Saturday, November 5, 2011


The automobile, the aeroplane,
Are useful gadgets, but profane:
The enginry of which I dream
Is moved by water or by steam.
From “Doggerel By A Senior Citizen” by W. H. Auden
In The Norton Book of Light Verse, 1986

As usual, I’m a little late to the party. This time it’s the Steampunk phenomenon.

I was around for the TV show Wild, Wild, West when it originally ran in the 1960s (OMG, how is this possibly almost 50 years ago?), and I recently read The Complete Sherlock Holmes. I noticed that Goth had maybe morphed into another sub-culture with some polished brass accents, corsets, dirigibles, and funky mechanical oddities, but I hadn’t given it much thought.

There was buzz about Steampunk lit on Twitter, and CBS Sunday Morning, prior to Halloween, ran a piece about a Steampunk convention. So I did a little Steampunk research, in my typical, “let’s over-think this!” style.

In case, like me, you hadn’t given the movement much thought, or even known that it qualified as a “movement,” here’s a definition courtesy, in their page for Jeff VanderMeer’s popular book, The Steampunk Bible.

Amazon calls Steampunk, “A grafting of Victorian aesthetic and punk rock attitude onto various forms of science-fiction culture” and adds that it “has come to influence film, literature, art, music, fashion, and more.”

To get an eyeful of Steampunk, Google the word and hit images at the upper left. Pretty amazing, imaginative, and literally brassy. Steampunk computer keyboards, Steampunk spiders, Nerf guns, motorcycles, cameras, and of course, even cell phones. Most objects of daily life now have a Steampunk interpretation.

Attire favored by Steampunkers includes for milady: remnants of a Victorian hat or helmet, the aforementioned corsets, pantalettes, black lace-up boots with helical brass gear dangles, torn fishnet hose along with random ruffles, leather, and lace. Weaponry optional, but encouraged, as long as it has antiqued brass, gears, and whimsicality. 

For the gentlemen: leather goggles, brass appurtenances (some look sharp enough to cut glass!), white silk shirt, flowing scarf, brass/leather/tweed vest, black steel/brass weapons, and casual worm/spur/ herringbone gears, gears, and more gears and pinions.

Also, as Amazon notes, “A burgeoning DIY community has brought a distinctive Victorian-fantasy style to their crafts and art. Steampunk evokes a sense of adventure and discovery.” 

You can find Steampunk articles by crafters on Etsy—a search yielded 140,000 items. From a brass octopus hairclip, to a made-to-order leather under-bust harness, to a pattern for sew-your-own military spats, we can all make our Steampunk dreams come true.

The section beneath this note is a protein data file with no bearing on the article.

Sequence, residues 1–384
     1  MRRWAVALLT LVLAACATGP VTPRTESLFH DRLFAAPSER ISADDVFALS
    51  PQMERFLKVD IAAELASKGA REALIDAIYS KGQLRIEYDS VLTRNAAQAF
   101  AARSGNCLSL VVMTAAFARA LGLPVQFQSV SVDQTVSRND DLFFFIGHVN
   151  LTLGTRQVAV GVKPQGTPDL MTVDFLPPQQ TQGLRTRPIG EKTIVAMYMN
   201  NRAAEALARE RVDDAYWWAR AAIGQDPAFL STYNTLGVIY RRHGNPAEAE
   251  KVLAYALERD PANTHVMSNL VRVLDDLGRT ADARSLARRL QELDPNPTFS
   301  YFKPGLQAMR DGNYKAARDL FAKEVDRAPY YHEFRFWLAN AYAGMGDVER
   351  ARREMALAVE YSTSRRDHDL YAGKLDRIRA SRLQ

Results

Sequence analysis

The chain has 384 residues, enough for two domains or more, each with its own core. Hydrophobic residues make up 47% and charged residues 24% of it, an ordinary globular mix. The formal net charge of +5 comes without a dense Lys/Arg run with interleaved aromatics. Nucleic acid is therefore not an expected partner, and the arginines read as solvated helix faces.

Okay, this Steampunk research has been quite the voyage of discovery for me. My grandparents were all Victorians, born in the years 1869-1899 (I know; I’m an antique, right?). I'm thrilled to teach Victorian literature, and have always loved reading about Victorian life.

Now I have a new interest. Color me Steampunk!

Excuse me—must run. Brass needs polishing and my lighter-than-airship awaits. Ta-ta!

Are you interested in the Steampunk phenomenon? Have you already jumped on the steam-powered train?


  1. Yes! I came into the 'know' about a year ago, but really haven't read any good lit from it. I love the idea of historical elements canoodling with scifi/fantasy. So. Much. Fun! I'm up for a good book, if you hear of one please let me know!

  2. Me too about the canoodling. What a great word, canoodling-- need to find more occasions to use that one!
    I will check out some of the lit and ponder if I may have already read some.
    I did fall in love with Watson and Sherlock Holmes this summer. Did you know Watson was a wounded veteran of Afghanistan (England fought there in the 1800s)? I didn't and it gave an interesting twist to reading the series in today's world.
    Steampunk takes inspiration from H.G. Wells, too. Thanks for the comment, AB!

  3. I've never read Sherlock Holmes, but my sister-in-law has read much of it. I really liked the modern version that the BBC did this year. I think there were 3 episodes?? I don't know if it was ever made into a series, but I hope it is.

  4. Oh, I think I saw that was on Netflix. I'll have to check it out. Thanks for reminding me.

  5. My neighbor and good friend is heavily involved in the steampunk movement (she's one of the Etsy sellers) so I've been aware of it for quite some time. While I love the lit and the fashion however, I am decidedly craft-challenged and have no aptitude for costuming. But I do love just how wonderful and creative those who participate in it are! Anything goes in steampunk it would seem.

  6. That's what I thought when I saw some of the items on Etsy-- incredibly creative. I mean, a Steampunk computer mouse? Wow.

  7. Wow. I know nothing of fashion and less of Steampunk. I love the idea of it, though. Of making modern the most (or least) glorious pieces from way-back-when. I'm going to have google this, now....

  8. Glad I'm not the only one who didn't know about Steampunk. When I Googled it, I was flat astonished!